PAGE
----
This year, the Forest Society has partnered with Concord Hospital to present the 5 Hikes Challenge. Together, we’ll share wellness tips to keep you motivated throughout the challenge and the science behind the physical and mental benefits of time spent in nature. Here, Valerie Ferland of Concord Hospital explains the value of exercise.
By Valerie Ferland
The concept of consciously exercising for better health isn’t new and dates back as early at 3000 BC in China with the classic Yellow Emperor’s Book of Internal Medicine and in India with their principles of Ajur Veda. Today, the data and science linking exercise to better health (both physically and mentally) is well documented. And yet, even with all the evidence-based research telling us that exercise will lower our risk for chronic disease, improve our mental health and increase our lifespan, the majority of Americans struggle to get any exercise at all.
Perhaps we need a change of perspective. Exercise itself has become prescriptive with guidelines established that dictate how many days, how much time, what heart rate we should achieve and what exercise should be performed. It all sounds like a whole lot of work and not a lot of fun.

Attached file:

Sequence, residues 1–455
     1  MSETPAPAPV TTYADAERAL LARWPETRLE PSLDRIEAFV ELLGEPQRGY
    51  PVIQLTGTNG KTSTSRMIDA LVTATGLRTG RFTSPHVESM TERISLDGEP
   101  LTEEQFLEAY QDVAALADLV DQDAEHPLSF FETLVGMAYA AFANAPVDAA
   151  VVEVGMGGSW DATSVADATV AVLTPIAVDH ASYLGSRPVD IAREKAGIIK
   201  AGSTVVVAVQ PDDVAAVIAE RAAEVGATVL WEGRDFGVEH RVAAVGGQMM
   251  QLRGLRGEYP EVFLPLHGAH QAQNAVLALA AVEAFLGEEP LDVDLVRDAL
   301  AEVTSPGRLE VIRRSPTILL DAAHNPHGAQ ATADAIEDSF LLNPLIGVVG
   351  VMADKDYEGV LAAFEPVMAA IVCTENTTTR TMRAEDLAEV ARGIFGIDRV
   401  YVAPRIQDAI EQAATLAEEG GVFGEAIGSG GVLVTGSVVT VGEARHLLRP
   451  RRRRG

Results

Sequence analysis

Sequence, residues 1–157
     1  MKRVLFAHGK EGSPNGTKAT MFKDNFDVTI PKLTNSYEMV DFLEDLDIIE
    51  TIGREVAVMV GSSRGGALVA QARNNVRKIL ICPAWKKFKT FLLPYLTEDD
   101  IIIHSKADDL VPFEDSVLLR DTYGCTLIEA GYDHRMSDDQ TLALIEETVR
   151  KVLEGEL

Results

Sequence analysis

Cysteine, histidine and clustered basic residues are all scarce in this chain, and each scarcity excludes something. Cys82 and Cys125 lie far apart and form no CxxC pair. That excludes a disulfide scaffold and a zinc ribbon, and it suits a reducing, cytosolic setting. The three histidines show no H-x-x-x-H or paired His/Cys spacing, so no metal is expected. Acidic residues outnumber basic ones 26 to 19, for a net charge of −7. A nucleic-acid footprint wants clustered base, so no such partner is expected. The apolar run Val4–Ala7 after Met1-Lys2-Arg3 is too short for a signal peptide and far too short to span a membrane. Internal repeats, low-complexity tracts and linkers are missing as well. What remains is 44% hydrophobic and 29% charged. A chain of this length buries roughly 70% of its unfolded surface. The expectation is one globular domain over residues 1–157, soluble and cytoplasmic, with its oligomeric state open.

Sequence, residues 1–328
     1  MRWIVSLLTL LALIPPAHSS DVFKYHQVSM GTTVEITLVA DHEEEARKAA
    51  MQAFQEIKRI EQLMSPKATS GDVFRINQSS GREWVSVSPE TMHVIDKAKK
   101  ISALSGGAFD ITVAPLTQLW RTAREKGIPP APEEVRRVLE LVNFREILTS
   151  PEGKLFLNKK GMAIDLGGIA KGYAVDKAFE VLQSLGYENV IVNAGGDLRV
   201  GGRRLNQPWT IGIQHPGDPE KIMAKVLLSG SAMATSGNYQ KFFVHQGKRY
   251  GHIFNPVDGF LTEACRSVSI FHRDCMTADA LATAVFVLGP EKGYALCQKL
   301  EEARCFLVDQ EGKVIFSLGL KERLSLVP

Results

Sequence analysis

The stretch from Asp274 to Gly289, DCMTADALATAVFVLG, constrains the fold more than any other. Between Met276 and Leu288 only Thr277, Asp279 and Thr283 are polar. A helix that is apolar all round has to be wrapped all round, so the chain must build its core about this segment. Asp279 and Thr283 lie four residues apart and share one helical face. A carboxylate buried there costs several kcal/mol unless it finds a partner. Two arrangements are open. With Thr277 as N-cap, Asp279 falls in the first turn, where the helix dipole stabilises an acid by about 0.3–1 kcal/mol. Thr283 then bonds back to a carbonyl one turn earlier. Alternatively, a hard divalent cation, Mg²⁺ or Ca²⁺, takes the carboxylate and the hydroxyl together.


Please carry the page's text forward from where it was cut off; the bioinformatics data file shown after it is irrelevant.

But what if we simply started to move more, not for the sake of moving, but for the pleasure of it? What if we weren’t sweating and out of breath or our muscles weren’t burning?
What if we only did it for a few minutes on random days and didn’t really think about exercise but just enjoyed and appreciated our bodies moving or the scenery or the company we are with? What does the data say about that?
Plenty. Regardless of time or intensity, when we move our body:
- Qe release endorphins (serotonin, norepinephrine, dopamine) that serve to improve energy and concentration, improve mood, increase focus and generally make us feel good.
- We simultaneously decrease the amount of ‘stress’ hormones (cortisol, adrenaline) which do the exact opposite of endorphins and negatively impact mental health.
- We increase and improve blood circulation which enhances cardiovascular and neurological systems:
~decreases the risk of chronic disease such as heart disease, cancer and diabetes
~lowers levels of anxiety and depression and improves sleep
~ creates new neurons (brain cells) and improves how those neurons work together to impact memory, emotions and even the aging process!
Whether you have 1 minute, 5 minutes or 45 minutes, no time is too little to receive the benefits of movement. Bring your movement outdoors and magnify the benefits!
Valerie Ferland, MS, is the Employee Wellness Coordinator at Concord Hospital.